PAXsims

Conflict simulation, peacebuilding, and development

Gaming foreign policy (at the FCO)

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Today I spent an enjoyable day at the UK Foreign and Commonwealth Office, running an abbreviated version of the ISIS Crisis matrix game and discussing how gaming approaches can contribute to policy analysis in a foreign ministry setting. About a dozen people participated, most of them FCO research analysts.

My notes for the session can be found here. I started by highlighting the ways in which serious games could be used to explore issues of crisis, conflict, foreign policy, and related issues. We then launched into ISIS Crisis. This proceeded rather more slowly than usual, partly because foreign ministry staff tend to more spend a little more time verbally framing their actions, but mainly because we devoted considerable time to discussing strengths, weakness, and possible variations in the game methodology as we went along.

ISIS started things off by organizing a successful terrorist attack against a cruise liner in Greece, which boosted their morale and reputation. Alleged civilian casualties from an unsuccessful US drone strike against a senior ISIS leader were also used in jihadist propaganda.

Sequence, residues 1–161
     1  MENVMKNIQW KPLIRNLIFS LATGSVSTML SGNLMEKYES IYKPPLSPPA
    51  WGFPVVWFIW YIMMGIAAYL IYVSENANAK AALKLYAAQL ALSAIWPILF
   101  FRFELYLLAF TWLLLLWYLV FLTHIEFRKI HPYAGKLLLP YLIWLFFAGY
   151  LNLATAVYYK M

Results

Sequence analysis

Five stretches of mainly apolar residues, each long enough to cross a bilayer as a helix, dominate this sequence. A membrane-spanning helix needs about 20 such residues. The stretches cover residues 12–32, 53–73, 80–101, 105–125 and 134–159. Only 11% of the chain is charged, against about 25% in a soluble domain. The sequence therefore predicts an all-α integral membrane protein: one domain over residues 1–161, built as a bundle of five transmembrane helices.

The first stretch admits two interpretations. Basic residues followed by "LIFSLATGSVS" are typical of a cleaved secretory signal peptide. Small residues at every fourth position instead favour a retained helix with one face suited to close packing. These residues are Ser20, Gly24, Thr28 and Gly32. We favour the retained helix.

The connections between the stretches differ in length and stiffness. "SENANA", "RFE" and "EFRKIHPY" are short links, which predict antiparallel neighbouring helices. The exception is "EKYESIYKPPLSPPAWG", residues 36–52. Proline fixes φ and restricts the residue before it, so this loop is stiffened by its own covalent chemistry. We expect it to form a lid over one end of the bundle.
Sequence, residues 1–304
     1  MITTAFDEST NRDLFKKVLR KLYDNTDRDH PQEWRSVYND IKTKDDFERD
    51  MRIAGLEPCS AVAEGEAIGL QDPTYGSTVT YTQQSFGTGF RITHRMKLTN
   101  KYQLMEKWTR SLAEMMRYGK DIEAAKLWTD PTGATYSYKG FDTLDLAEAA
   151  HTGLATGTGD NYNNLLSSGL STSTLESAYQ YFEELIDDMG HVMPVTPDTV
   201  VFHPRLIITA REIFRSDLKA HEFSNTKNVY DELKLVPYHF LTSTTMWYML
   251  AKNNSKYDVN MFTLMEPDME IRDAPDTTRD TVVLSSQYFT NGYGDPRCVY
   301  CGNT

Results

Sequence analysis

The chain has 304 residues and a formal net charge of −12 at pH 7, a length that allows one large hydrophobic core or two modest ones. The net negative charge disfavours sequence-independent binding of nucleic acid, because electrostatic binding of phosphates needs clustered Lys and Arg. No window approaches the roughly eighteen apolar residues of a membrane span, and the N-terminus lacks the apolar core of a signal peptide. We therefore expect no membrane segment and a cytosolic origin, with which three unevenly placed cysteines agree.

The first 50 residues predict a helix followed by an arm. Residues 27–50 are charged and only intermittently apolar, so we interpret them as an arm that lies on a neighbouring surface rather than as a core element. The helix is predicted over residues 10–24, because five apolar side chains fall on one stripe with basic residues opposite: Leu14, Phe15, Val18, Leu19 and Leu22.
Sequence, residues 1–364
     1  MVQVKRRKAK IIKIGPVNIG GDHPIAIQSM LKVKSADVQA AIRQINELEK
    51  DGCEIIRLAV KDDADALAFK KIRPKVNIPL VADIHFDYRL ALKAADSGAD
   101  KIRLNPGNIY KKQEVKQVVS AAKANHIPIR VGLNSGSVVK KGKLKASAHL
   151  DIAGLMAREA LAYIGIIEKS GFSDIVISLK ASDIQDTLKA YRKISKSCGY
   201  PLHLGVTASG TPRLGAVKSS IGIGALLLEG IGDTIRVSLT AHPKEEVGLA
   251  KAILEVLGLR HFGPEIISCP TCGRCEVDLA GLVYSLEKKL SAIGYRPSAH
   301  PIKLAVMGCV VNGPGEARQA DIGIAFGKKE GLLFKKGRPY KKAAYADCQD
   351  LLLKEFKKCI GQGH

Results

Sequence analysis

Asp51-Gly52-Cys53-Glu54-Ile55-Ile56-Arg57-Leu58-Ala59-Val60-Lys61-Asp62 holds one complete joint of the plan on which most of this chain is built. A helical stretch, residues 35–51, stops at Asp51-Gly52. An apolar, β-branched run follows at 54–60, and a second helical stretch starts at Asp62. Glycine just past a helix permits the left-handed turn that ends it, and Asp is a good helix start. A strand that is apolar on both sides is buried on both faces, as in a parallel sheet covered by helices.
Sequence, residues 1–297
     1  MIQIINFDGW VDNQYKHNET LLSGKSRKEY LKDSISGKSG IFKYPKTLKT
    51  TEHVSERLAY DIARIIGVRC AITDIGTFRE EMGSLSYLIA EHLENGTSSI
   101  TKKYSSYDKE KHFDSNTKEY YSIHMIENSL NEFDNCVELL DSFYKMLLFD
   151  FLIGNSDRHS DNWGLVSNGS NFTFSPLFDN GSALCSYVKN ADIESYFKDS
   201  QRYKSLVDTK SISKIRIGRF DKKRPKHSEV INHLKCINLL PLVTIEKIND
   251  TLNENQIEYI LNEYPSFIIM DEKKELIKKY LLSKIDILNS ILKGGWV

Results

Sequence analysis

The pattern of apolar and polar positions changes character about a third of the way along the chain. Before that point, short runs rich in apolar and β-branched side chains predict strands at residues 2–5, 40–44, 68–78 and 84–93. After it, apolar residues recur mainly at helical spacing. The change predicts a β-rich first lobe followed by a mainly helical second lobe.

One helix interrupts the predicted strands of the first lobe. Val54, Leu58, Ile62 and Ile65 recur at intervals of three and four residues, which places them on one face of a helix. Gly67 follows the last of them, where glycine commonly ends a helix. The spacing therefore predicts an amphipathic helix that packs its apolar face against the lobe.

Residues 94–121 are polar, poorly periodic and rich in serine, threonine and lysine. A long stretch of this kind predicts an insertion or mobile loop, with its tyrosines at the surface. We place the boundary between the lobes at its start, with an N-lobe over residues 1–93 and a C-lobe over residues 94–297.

In Iraq, the Kurds tried to take advantage of Baghdad’s focus on Mosul to consolidate their control of the city of Kirkuk. The Iraqi government responded by bolstering its own forces in the Kirkuk area. This resulted in a tense stand-off that was eventually defused through Iranian mediation. The Kurds then sought to use the incident to reopen negotiations on a range of revenue-sharing and constitutional issues, but the central government showed little interest.

The incident also put the long-planned campaign to recapture Mosul behind schedule. When Iraqi forces sought to regain the initiative by pressing forward in a poorly-coordinated fashion they suffered heavy casualties from determined ISIS resistance.

Meanwhile, the failure of Baghdad to address Sunni grievances, coupled with a growing Iranian role and the continued presence of Shiite militias in Sunni areas only increased Sunni alienation. The Sunni opposition player was increasingly disinclined to cooperate with the central government in counter-ISIS actions, and successfully sought funding from Saudi Arabia (which only worsened relations between Baghdad and Riyadh).

We finished up with a discussion of the game and its methodology. I made the point that games need to be designed for their intended purpose, that they could be useful in generating questions and issues for further examination, and that they usually worked best when they formed part of a broader process of policy analysis.

I hope the participants found the day as useful as I did. Particular thanks are due to Owen ElliottHead of the FCO’s Africa Research Group, who arranged the session.

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